Mechanical Unloading and Irradiation-Induced Musculoskeletal Loss and Dysfunction: Molecular Mechanisms and Therapeutic Nanoparticles
West Virginia University/NASA Johnson Space Center, Marshall Space Flight Center
Space travel is associated with the absence of musculoskeletal loading and exposure to increased radiation. Mitigating the loss of muscle and bone observed with space travel is important, which if not achieved, could impair space mission success and astronaut health. This proposal has been specially designed to investigate the effects of irradiation and mechanical unloading on musculoskeletal loss, and more importantly, to develop novel countermeasures. The deterioration of musculoskeletal structure and function is one of the most significant adverse impacts that
accompany long term space travel. The mechanisms regulating how the musculoskeletal system adapts to space factors are not well understood, which has prevented the development of effective countermeasures. This NASA-EPSCoR funded study is investigating the deteriorative effects of irradiation and microgravity on musculoskeletal system, and developing novel countermeasures, such as nanoparticle based interventions. Preliminary findings from this study have been accepted for presentation at the Health Physics Society 60th Annual Meeting. Interdisciplinary collaborations have been developed between our research team at Marshall University with NASA scientists and researchers from the University of Delaware, the Huntington VA Medical Center and West Virginia State University. These collaborations along with an Internal Grant Program funding have allowed investigators to develop four space science and medicine-oriented seed projects. A graduate course “Space Biology and Nanomedicine (PHAR801; 3 or 6 credit hours)” has also been developed in support of NASA’s educational mission.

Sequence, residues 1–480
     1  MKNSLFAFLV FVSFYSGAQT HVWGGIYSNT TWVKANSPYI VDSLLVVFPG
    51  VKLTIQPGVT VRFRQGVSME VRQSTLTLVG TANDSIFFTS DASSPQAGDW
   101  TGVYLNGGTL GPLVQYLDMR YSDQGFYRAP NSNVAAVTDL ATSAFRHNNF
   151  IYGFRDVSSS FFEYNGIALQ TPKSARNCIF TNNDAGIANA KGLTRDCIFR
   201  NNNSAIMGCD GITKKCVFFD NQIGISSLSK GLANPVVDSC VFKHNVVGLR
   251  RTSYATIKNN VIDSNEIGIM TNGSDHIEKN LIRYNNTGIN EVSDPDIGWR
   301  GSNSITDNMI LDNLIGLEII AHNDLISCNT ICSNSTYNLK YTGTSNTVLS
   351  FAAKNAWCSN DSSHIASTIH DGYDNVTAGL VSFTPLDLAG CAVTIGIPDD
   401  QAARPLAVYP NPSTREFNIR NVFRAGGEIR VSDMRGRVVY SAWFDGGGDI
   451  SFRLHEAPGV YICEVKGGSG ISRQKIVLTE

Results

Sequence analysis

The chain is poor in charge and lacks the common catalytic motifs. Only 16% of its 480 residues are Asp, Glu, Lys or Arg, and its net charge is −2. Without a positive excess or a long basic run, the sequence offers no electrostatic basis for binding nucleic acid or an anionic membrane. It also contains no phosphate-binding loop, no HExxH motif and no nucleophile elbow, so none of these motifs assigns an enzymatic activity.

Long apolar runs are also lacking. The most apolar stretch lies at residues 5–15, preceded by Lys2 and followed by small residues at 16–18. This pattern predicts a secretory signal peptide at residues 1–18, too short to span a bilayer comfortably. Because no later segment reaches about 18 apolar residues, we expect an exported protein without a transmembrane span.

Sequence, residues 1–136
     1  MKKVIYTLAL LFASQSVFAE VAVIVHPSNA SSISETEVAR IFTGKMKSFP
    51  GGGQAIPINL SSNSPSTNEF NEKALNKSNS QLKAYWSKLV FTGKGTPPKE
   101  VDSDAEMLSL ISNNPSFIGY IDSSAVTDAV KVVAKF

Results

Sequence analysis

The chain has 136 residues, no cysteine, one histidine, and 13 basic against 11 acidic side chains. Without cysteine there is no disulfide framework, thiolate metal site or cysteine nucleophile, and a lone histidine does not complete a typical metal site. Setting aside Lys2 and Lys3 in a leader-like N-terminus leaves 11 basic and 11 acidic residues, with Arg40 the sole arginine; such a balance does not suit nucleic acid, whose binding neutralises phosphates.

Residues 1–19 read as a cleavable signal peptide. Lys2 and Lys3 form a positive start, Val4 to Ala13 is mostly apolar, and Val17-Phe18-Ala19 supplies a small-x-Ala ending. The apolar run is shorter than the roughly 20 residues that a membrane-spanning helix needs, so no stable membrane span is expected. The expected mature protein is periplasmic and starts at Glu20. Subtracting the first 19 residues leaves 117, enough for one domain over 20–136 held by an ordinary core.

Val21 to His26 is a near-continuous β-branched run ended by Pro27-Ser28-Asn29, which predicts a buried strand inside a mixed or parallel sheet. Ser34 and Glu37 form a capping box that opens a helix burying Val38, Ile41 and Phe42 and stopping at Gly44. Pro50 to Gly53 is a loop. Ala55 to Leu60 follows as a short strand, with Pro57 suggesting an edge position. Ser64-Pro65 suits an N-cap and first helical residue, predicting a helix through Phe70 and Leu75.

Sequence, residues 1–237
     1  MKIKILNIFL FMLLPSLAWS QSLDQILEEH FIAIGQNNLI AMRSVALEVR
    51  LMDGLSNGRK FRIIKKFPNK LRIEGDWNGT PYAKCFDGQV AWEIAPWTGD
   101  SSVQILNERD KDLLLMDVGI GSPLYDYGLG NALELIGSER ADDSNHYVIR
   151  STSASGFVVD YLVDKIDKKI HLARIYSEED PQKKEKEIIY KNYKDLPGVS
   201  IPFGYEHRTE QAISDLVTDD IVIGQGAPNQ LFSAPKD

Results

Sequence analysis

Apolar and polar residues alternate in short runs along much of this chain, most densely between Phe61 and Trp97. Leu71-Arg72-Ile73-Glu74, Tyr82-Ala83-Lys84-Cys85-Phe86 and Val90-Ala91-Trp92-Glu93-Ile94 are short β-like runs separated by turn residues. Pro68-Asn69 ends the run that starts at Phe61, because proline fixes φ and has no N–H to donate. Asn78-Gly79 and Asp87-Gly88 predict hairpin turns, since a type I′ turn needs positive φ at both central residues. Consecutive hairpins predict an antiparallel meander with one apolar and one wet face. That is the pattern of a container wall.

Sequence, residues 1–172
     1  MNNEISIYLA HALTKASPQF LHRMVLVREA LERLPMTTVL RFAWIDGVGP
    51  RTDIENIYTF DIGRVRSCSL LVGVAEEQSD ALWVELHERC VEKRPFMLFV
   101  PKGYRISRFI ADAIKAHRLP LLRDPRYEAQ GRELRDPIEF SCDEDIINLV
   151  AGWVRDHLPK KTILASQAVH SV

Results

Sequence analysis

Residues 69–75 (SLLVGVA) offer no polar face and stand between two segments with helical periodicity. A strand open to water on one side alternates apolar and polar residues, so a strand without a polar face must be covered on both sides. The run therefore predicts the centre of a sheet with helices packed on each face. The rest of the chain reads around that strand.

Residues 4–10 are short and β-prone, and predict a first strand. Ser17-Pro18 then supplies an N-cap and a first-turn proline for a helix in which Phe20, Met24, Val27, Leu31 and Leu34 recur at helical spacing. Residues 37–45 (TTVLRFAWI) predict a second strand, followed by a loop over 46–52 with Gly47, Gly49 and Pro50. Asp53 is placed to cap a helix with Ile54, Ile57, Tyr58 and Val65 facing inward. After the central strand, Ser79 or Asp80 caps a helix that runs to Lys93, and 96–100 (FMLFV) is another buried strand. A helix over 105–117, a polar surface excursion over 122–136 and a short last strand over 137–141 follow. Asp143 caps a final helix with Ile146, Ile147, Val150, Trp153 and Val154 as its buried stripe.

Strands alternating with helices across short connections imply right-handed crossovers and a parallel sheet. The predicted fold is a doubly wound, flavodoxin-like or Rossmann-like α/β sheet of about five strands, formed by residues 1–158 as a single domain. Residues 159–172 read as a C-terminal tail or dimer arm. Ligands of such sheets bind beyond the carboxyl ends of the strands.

Dr. Miaozong Wu (Science PI, West Virginia University) works with postdoctoral fellow Dr. Cuifen Wang (left) and graduate student Venkata Bandarupalli (right).
Dr. Honglu Wu, NASA Technical Monitor, Johnson Space Center
Impaired DAF-16 / FOXO function increases quiescence. B. Paraquat treatment increases nuclear translocation of DAF-16 in C. elegans (TJ356; daf16::gfp). C. Paraquat treatment increases nuclear translocation of FOXO1 (bottom panel) in HEK293 cells stably expressing FOXO1::GFP.
NASA EPSCoR Stimuli 2014-15
Published on Dec 14, 2015
NASA Office of Education’s Aerospace Research & Career Development (ARCD) is pleased to release NASA EPSCoR Stimuli, a collection of univers...